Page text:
If I had begun reading This Little Light expecting a young adult book, I think I would have enjoyed it a lot more. The book has a very juvenile tone that became frustrating when I was hoping for a more nuanced exploration into conservative Christianity in America.
The story is narrated by Rory Miller who is writing a tell-all blog post as she is on the run from police, vigilantes, and a star evangelist preacher. A few hours before, Rory and her best friends (they call themselves The Hive) were pledging their virginity to their fathers at the American Virtue Ball. But when a bomb goes off in one of the bathrooms, Rory and her friend Felize are quickly labelled as terrorists and go on the run. Rory is telling her side of the story, all the way back to when the new girl Jinny showed up and linked their group to celebrity preacher, Jagger Jonze.
Rory and her friends are stereotypical rich California girls. They live amongst obscene wealth in a double-gated community, attending private schools and being given everything their hearts could desire. Rory is a little bit different in that her parents (recently divorced) are Jewish and Canadian and her mom works as an immigration lawyer, doing a lot of pro bono work. Since this is America in the 21st century, they’re seen as communists.
(Side note: the time frame of this book is really confusing. It’s clearly set in the future as they have technology that we don’t have like Ubercopters and abortion and birth control have been outlawed completely. Yet the Kardashians are referenced as living in the neighbourhood and Rory uses “Schwarzeneggered” to refer to the possibility that a friend’s dad might have a child with his housekeeper. At the end of the book, we learn the year is 2024 which doesn’t seem that likely. Also, there are plenty of references to real people and yet one of the characters owns several Pasta Garden restaurants. Is Olive Garden particularly litigious or something?)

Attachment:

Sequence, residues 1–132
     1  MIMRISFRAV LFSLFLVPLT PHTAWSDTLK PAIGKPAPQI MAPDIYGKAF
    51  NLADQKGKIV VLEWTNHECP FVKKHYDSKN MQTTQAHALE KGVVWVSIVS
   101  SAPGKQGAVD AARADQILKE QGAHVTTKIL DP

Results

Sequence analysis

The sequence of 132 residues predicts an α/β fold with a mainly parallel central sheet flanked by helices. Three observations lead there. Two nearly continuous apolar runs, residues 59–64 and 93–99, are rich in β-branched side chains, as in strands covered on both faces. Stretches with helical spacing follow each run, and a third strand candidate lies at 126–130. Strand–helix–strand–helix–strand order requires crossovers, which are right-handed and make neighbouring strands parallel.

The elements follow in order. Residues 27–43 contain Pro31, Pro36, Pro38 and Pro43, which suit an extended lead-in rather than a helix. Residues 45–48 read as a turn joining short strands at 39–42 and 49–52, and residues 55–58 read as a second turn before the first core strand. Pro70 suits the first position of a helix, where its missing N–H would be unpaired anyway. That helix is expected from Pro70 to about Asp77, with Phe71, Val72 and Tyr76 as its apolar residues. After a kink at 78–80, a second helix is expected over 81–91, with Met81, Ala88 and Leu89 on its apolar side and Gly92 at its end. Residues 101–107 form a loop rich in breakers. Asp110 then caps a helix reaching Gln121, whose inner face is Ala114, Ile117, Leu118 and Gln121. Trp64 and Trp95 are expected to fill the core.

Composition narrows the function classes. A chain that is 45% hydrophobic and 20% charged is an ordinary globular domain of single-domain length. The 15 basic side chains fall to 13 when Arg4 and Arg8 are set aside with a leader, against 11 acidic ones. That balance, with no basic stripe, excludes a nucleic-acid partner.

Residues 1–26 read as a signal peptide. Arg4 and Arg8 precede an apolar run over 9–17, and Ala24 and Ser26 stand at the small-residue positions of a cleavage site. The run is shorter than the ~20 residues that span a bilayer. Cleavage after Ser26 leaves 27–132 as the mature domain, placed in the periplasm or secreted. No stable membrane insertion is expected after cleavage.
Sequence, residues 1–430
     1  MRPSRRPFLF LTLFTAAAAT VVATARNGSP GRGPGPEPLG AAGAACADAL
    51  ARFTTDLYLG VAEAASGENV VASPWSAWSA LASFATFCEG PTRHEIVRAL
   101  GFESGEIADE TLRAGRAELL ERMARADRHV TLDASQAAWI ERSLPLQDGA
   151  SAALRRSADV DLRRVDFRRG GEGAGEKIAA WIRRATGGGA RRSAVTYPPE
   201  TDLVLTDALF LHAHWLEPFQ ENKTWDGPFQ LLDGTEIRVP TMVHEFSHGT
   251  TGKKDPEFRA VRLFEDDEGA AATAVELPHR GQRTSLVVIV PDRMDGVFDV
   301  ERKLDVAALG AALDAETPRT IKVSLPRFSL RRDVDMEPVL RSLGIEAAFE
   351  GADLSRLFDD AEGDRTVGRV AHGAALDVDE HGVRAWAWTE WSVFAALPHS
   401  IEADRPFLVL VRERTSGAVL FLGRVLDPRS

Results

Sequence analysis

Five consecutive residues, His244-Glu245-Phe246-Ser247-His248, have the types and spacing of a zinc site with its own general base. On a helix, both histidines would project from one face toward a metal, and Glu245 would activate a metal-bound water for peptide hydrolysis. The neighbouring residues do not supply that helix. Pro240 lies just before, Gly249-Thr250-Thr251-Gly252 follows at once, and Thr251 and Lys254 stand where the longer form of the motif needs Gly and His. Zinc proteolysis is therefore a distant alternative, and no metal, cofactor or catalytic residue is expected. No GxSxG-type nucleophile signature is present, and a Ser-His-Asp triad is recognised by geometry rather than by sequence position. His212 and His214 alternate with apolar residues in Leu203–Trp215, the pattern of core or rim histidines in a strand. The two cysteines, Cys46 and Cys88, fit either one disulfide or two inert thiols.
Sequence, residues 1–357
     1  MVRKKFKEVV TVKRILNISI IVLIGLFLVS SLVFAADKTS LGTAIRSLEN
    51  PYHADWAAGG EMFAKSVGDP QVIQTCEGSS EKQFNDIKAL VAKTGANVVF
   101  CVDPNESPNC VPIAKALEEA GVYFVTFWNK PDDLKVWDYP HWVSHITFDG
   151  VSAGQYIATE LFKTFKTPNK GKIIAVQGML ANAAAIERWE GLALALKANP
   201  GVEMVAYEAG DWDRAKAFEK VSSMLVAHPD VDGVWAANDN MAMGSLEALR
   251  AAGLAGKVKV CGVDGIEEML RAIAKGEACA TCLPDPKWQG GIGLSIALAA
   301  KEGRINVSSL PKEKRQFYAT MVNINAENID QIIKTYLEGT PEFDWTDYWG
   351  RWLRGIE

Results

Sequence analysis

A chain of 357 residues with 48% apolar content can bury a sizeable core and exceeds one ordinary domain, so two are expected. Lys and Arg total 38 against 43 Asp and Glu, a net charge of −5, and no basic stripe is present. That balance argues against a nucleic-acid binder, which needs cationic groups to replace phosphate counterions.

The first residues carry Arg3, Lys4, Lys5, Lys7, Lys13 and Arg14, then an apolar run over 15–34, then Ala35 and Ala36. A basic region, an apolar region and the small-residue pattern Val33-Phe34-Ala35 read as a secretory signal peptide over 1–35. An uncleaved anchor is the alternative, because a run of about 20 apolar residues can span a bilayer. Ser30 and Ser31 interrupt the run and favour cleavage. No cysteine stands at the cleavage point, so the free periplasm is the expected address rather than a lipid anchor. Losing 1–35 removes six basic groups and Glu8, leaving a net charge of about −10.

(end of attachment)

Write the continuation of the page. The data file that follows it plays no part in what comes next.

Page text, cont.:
Frustratingly, Rory’s storytelling relies heavily on vague references that remain secret too long. Even when talking with Felize they mention things like “what happened at orientation” or “that thing in the back of your car.” It’s the too-common and aggravating trope of That Day, where a first person narrator keeps secrets simply to advance the plot.
Even more aggravating though was Rory’s voice. As I said, if this had been marketed as a young adult novel I might have been more forgiving and accepted that perhaps I am simply not the target audience. Rory’s narrative is filled with Valley girl slang and diction and maybe it’s realistic but it’s annoying to read over and over again.
I had hoped this book would be an interesting look into the culture of conservative American Christianity (which, I would argue is almost its own religion these days, separate from the rest of the world). Unfortunately, Lansens goes for the easy plot points. Of course the celebrity preacher who promotes celibacy is sleeping with a teenage girl. (Uh, spoilers, I guess.) Of course the cute guy in a band is running backroom abortions at the library. Of course the main character and her friends are all way more enlightened than their participation in the American Virtue Ball might imply and are only participating so they can buy new shoes. Every twist that the novel throws out left me unsurprised and at no point did I find myself particularly concerned about what was going to happen to Rory and Felize.